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Bold reinvention, in your own environment
Old 28th March 2003
  #1
Lives for gear
 
bjornson's Avatar
 
🎧 15 years
Bold reinvention, in your own environment

Like all of us i've come up with ways of working, conventions if you will, that always give me good results. I also like reinventing my own wheel as often as possible to keep a "paradigm breaking" mentality in my productions.
I'm interested in hearing how others weigh the risks of treading new waters while the clock is running, balancing experimentation and tangible progress
Old 28th March 2003
  #2
Founder
 
Jules's Avatar
Thought provoking indeed!

Er.. I can get away with a lot as I charge per track and also do a lot of spec deal 'free time' projects.

With an assistant, its fun to have a co-conspirator when trying new methods.

Clients sometimes get the idea something is up but they rarely feel like 'victims of expirimentation' as they can feel our positive enthisiam for a new piece of gear or method is directed at making their project sound better.

Some expiriments at my studio this last year period

Recording all flat
External Summing / dangerous 2 bus
Mixing down to 96k, (and hardware SRC to 44.1k for mastering)
Using DAC-1 for D/A in mastering (tracking is next!)
Mixing with a guide mastering EQ shape, then doing a better, more Concidered job at mastering
3 mic 1960's drum mic set up
Triggering sub tone via kick drum

All have been positive experiences.

Old 28th March 2003
  #3
Lives for gear
 
littledog's Avatar
 
🎧 15 years
WhileI charge by the hour, if I get caught up in the artistic moment and want to try something that is both time consuming and radical, I'll usually come to an agreement with the client that they'll only pay for the time involved if they like the results.

Most of them are more than cool with that. They are usually thrilled that I'm committing myself artistically to their project to the max.
Old 28th March 2003
  #4
Lives for gear
 
e-cue's Avatar
 
🎧 15 years
My clients expect it of me, or at least aren't suprised when I do come with some left of center ish. When I first met new clients, I let them know that I pretty much do my thing, and all they gotta do is tell me to change it back if they don't like it. My feelings won't get hurt. A lot of the time my clients don't even know what I can & can't really do, so they don't ask.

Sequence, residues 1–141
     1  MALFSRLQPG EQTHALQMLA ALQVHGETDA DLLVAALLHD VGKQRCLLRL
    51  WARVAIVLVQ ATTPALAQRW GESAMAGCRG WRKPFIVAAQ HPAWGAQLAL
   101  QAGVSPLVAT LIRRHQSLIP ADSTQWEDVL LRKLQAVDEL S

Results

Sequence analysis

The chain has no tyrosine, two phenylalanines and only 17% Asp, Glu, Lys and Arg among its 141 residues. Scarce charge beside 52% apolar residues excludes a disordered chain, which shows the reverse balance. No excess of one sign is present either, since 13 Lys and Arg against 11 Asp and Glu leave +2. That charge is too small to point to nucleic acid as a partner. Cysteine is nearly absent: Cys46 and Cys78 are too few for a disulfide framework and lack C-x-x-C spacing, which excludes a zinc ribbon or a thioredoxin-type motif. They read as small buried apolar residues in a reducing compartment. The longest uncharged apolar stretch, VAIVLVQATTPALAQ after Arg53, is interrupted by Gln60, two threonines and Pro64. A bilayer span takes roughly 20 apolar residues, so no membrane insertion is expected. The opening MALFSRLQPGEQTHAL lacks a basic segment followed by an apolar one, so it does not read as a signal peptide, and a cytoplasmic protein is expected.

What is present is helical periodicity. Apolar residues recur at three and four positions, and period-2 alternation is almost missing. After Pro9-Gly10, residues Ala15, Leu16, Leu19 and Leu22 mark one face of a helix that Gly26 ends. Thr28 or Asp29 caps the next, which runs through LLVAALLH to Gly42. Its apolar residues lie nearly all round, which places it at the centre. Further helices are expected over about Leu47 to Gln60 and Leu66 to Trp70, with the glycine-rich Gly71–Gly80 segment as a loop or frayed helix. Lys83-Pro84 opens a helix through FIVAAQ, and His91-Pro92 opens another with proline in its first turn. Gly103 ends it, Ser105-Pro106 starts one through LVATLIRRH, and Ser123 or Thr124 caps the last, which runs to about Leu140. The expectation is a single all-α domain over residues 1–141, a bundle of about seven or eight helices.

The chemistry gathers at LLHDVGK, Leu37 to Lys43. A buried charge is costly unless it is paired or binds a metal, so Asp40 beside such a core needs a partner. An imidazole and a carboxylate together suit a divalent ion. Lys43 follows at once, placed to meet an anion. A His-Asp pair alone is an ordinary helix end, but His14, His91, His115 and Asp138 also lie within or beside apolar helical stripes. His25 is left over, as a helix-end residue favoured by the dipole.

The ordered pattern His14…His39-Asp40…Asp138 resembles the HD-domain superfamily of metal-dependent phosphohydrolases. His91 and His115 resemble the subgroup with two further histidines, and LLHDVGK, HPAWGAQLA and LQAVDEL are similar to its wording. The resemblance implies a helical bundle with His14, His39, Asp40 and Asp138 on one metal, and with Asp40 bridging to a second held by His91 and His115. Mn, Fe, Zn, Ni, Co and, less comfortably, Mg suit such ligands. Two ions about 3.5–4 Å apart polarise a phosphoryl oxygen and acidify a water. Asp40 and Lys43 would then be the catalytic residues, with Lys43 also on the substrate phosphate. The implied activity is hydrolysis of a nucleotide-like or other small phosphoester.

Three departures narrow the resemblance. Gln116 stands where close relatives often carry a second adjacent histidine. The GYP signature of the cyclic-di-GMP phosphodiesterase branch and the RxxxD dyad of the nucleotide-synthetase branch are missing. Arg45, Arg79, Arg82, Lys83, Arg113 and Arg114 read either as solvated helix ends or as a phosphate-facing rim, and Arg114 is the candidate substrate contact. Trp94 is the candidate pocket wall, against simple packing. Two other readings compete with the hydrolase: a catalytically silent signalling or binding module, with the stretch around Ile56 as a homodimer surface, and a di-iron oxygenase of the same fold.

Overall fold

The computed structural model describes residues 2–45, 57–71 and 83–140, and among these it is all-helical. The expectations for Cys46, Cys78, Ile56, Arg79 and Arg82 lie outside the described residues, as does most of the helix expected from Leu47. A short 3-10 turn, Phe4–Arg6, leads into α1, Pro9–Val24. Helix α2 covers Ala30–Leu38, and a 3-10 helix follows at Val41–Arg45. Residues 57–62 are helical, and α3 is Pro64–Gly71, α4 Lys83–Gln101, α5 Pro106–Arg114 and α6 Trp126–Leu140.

Now, experementing with clients in the room. I hate that. They here something that's in progess, and either think you are crazy, or they end up liking something so much that they don't let you finish. That ish drives me nuts.
Old 28th March 2003
  #5
member no 666
 
Fletcher's Avatar
 
🎧 15 years
For me it depends on the speed with which the session must be completed... while I have come to expect certain results from certain tools in certain applications... it's never a "given" that they're really going to work... so even on the 'rush jobs' there is always a degree of 'experimentation' though certainly not quite as much.

It's always possible to spend as much money [and then some] as the client has... but as long as the spending of that money is truely in the interest of creating an exciting, unique product for the client... then it's not necessarily wasted time.
Old 28th March 2003
  #6
Mindreader
 
BevvyB's Avatar
 
🎧 15 years
e-cue
Have you ever done tv commercials?
What you described is every commercials job I've ever done, but worse and with more people who know even less about music than a&r guys. Yes, it's possible. Have to spend weeks pre and post justifying everything you have done/haven't done to people who only know if it is or isn't there unless you point it out.

Quotes:

'You know like the first part of the music was INSIDE, well, you know, could you make the end bit sound more OUTSIDE?'

'Yeah, just do it, just take all the drums out....hmm, ok...where's the rhythm gone?'

'It needs to build up at the end....hmmm...needs more of a dramatic intro....hmmm...the middle bit's a bit lacklustre....hmmm...it's a bit full and now it doesn't seem to flow with the picture...what did you do?'

'Put the saxaphone back in'
'It's is in'
'Oh, well take it out'

'What's that vocal kind of sound in the background'
'It's the backing vocals'

'It's not mixed yet, it'll be less lumpy when it's mixed'
'Could you play it to me mixed now then before I leave?'

Old 28th March 2003
  #7
Lives for gear
 
e-cue's Avatar
 
🎧 15 years
Quote:
Originally posted by BevvyB
e-cue
Have you ever done tv commercials?
Worst sessions ever... They make me feel like I have a "job".

My favorite quote was from the 200 year old mother of a person high on the food chain at coca-cola on speakerphone. "I took french horn lessions when I was in grade school, so I know music, and it needs to be changed from Feel the joy, CocaCola to CocaCola, Feel the joy" (a 30 voice choir had to be called back in to re sing the chord progressions)
Old 28th March 2003
  #8
Mindreader
 
BevvyB's Avatar
 
🎧 15 years
Which is crap 'cos don't get the product name at the end ha ha

Oh well, that was the good old days when there were budgets for that kind of crap
Old 31st March 2003
  #9
One with big hooves
 
Jay Kahrs's Avatar
 
🎧 15 years
I don't really have an hourly rate. I prefer to work by the day or by the project with a time limit on the total amount of days on the flat rate. That allows me to experiment a bit and not have people freak out because we spent 1/2 an hour on a guitar sound or some goofy keyboard part that didn't work out. I also don't like having people around when I mix. There have been too many times that I'll be working on something and they shoot down whatever I'm working on because it sounds bad at that time. They can't hear the finished product in their head or hear where I'm going with it. I'd much rather mix the song and then call the client into the room to listen to it and make changes.
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